This novel follows Savannah Levine, the orphan of two dark practitioners who is determined to make her name as a detective on her own and isn’t afraid to cross a few lines to do it. Just turned twenty-one, Savannah is a confident, slightly sassy and immanently likable character who pulls readers into the story from page one. Her big break comes in the form of three bodies laid out in what appears to be a ritual sacrifice. In order to investigate, she has to peel back the layers of a small town populated by a rich cast of well-rounded characters. The sheriff suspects the town’s richest man, a drug dealer with a hot temper, but Savannah soon comes to suspect a cookie-peddling cult living on the outskirts of town. Just as our girl friday begins to make progress, though, more people begin to die. Suddenly, she’s not sure if the murders are crimes of convenience or black magic.
Waking the Witch is an engrossing mystery novel that generally uses magic in the way other mystery novels incorporate gadgets into their story. The magic is a bag of tricks, but, right up to the climax, it isn’t the point of the novel. That’s fortunate as, despite excellent characterizations, the Women of the Otherworld series doesn’t introduce any new innovations to the urban fantasy genre. Armstrong’s world of easy magic hidden in plain sight amidst the contemporary world follows the same stale formula used across the genre. It’s disheartening and a bit boring, which is why the shift in focus from magic to mystery in Waking the Witch makes it the best entry in the series to date.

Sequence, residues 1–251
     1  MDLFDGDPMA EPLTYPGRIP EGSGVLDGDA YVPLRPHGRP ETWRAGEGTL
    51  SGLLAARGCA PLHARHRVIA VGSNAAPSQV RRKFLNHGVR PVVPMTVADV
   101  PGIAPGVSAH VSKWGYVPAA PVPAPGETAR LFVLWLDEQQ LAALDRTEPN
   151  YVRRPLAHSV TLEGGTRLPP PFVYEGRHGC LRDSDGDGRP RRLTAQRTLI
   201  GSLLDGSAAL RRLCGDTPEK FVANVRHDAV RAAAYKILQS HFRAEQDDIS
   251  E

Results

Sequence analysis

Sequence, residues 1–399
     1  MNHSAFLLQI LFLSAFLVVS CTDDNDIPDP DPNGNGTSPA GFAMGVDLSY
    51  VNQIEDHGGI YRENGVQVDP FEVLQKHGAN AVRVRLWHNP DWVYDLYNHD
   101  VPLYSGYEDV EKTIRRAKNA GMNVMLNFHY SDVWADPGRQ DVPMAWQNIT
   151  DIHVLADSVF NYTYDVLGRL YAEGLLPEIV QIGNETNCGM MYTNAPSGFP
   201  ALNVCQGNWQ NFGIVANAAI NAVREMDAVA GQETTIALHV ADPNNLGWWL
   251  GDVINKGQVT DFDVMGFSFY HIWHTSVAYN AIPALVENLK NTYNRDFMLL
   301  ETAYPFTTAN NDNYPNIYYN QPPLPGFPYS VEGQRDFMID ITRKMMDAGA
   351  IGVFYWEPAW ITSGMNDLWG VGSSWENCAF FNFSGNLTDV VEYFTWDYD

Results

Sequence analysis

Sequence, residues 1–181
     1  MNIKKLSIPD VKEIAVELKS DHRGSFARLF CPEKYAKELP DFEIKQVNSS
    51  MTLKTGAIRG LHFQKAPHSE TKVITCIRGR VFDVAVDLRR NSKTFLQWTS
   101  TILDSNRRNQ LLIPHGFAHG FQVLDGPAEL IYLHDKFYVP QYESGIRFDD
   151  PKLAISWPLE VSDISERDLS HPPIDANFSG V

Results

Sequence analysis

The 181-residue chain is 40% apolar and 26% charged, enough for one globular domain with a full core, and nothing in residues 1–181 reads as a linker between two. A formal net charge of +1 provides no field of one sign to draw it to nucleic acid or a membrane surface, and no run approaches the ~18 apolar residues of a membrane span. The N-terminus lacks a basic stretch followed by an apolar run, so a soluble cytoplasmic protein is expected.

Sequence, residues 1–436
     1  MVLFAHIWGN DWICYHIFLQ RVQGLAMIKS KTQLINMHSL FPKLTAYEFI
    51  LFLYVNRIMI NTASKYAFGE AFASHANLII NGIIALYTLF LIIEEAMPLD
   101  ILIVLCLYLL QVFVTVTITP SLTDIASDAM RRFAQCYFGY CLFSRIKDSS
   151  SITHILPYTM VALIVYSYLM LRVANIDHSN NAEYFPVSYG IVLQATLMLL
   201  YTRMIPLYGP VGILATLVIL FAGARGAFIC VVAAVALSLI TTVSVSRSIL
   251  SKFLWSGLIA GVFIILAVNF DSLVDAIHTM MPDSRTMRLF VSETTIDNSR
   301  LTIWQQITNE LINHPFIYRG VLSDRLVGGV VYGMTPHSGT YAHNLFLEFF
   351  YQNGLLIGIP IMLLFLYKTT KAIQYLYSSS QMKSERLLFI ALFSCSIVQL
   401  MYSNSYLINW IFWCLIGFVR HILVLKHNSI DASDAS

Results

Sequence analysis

The story’s pacing is excellent, seamlessly mixing detective and fantasy elements while still keeping readers guessing as to whether the villain will turn out to be magic or mundane in the final reel. The mystery at the heart of the novel proceeds apace, without dwelling over long on the procedural elements of crime solving, and Armstrong manages to spring several surprisingly twists on readers along the way.
The story’s single larges shortcoming is that, when the inevitable magical showdown between good and evil comes – as it must in all urban fantasy novels, the confrontation rings hollow. The climactic confrontation that concludes the secondary plot that slowly evolves through the course of the book comes out of left field and promptly falls flat, failing to provide any emotional impact. All in all, if Armstrong hadn’t tried to hijack her own mystery with a magical story arc, the book would have been much more memorable.
That’s not to say that Waking the Witch disappoints. In fact, the book’s final twist turns out to be emotionally gut-wrenching, leaving readers to expect even better things from future Women of the OtherWorld series.
If you’re not familiar with this series, don’t worry. Waking the Witch is a great starting point. Characters are each introduced in turn, and the protagonist’s backstory is covered in very short order.